Internet and Telecom Companies Get Failing Grade on Privacy and Freedom of Expression Disclosure

For immediate release
March 23, 2017

2017 Corporate Accountability Index finds ‘most of the world’s internet users lack the information they need to make informed choices.’

A new evaluation of 22 of the world’s most powerful internet, mobile, and telecommunications companies on disclosed commitments and policies affecting freedom of expression and privacy finds that company disclosure is “inadequate across the board” – with an average score for all companies of just 33 percent out of a potential 100 percent.

The new report comes from Ranking Digital Rights (RDR), a non-profit research initiative which works “to set global standards for how companies in the information and communications technology (ICT) sector should respect freedom of expression and privacy.”

RDR’s 2017 Corporate Accountability Index examined products and services that are used by at least half of the world’s 3.7 billion internet users. “We regret to report that companies do not disclose enough information to their users about policies and practices affecting freedom of expression and privacy,” the report said. “As a result, most of the world’s internet users lack the information they need to make informed choices.”

This is the second Corporate Accountability Index; the first was published in 2015. “Similar to the 2015 Index results, the average score for all 22 companies evaluated was just 33 percent—and no company in the 2017 Index scored more than 65 percent overall,” the report said. “Even the best performing companies had significant gaps in their disclosure. Despite some improvements, collectively these companies failed to meet the benchmarks of transparency.”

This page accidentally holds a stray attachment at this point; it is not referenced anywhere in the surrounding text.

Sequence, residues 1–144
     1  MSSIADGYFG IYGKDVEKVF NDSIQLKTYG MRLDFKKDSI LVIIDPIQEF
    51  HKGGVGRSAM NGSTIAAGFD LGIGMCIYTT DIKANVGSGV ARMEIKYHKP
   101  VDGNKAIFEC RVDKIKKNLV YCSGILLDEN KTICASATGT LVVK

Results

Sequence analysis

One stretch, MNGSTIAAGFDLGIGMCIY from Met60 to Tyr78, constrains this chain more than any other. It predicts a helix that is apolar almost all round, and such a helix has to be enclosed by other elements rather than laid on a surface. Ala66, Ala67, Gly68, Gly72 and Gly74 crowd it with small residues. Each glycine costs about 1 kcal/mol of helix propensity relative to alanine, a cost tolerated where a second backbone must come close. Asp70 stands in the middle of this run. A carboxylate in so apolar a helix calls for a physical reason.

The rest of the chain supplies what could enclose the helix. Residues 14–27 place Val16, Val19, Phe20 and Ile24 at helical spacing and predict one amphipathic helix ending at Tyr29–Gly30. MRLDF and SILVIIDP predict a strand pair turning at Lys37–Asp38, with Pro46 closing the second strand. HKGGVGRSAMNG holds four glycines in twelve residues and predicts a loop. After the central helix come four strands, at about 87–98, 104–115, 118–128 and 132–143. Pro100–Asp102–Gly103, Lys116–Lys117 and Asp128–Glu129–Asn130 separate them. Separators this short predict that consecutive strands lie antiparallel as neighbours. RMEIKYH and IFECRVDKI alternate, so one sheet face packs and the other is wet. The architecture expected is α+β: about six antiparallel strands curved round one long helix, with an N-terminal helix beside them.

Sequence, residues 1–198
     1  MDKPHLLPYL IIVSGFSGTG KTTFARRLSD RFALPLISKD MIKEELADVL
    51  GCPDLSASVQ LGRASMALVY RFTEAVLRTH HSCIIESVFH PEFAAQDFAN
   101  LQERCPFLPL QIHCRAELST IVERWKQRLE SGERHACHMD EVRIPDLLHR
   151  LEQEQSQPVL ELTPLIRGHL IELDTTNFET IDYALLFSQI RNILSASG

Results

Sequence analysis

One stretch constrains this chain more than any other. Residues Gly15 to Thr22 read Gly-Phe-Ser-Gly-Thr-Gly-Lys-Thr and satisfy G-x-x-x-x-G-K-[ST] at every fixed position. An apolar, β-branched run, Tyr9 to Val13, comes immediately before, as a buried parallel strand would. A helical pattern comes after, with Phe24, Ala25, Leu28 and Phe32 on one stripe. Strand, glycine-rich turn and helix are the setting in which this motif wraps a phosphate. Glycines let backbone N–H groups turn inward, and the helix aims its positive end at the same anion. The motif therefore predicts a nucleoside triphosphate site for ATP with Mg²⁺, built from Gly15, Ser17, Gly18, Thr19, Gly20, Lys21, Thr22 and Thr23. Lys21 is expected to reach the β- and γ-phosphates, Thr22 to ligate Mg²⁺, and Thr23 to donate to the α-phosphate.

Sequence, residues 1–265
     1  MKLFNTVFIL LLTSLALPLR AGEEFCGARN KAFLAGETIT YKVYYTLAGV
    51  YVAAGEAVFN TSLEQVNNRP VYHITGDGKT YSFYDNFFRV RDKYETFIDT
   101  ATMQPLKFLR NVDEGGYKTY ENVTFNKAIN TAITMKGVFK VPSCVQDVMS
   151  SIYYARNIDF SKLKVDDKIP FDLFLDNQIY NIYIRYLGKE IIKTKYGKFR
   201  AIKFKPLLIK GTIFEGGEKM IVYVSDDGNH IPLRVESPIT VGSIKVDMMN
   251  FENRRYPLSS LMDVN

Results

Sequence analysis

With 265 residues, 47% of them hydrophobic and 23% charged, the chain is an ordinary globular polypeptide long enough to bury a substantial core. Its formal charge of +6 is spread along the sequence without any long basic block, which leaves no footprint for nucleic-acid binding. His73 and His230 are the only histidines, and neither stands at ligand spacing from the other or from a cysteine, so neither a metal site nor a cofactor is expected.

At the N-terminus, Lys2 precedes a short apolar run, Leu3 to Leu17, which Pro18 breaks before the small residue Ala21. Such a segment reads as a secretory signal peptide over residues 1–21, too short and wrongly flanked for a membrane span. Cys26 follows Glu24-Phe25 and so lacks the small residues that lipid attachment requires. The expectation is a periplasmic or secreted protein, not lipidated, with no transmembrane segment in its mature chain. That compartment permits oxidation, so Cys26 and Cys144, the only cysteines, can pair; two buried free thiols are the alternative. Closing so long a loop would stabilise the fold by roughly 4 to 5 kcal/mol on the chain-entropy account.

Other highlights of the 2017 Corporate Accountability Index:

  • Google and Microsoft were the only companies in the entire Index to score more than 60 percent overall. However, Google’s lead over the other companies ranked near the top of the Index narrowed since 2015, while Microsoft moved from third to second place, primarily due to improved disclosures about policies affecting freedom of expression.
     
  • AT&T and Vodafone tied for the highest score among the 10 telecommunications companies evaluated. Vodafone scored better on disclosures related to its governance mechanisms as well as policies affecting freedom of expression. AT&T offered more detailed disclosure on policies and practices affecting users’ privacy.
     
  • Apple ranked seventh among the 12 internet and mobile ecosystem companies evaluated. A major reason for this relatively low score was poor disclosure about the company’s commitments and policies affecting users’ freedom of expression. Next to its peers, Apple also offered little disclosure about how it has institutionalized commitments to users’ rights through corporate governance, oversight, and accountability mechanisms.

Michael Connor, Executive Director of Open MIC, said:

"The 2017 Corporate Accountability Index is an extremely valuable examination of what internet and communications technologies companies are disclosing about how they handle critical matters related to privacy and freedom of expression. Unfortunately – for billions of internet users around the globe – the findings are disappointing. 

We have to ask: Why aren’t companies more forthright about these issues? Why do some companies hesitate to explain their commitment to freedom of expression?  And why do some companies make it difficult to understand how they protect – or fail to protect – customer data?  

Open MIC works with investors to understand the business risks presented by these issues. Sadly, as the 2017 Corporate Accountability Index makes clear, the risks continue. The boards of directors and senior management of the leading internet and telecommunications companies should take note and take action."

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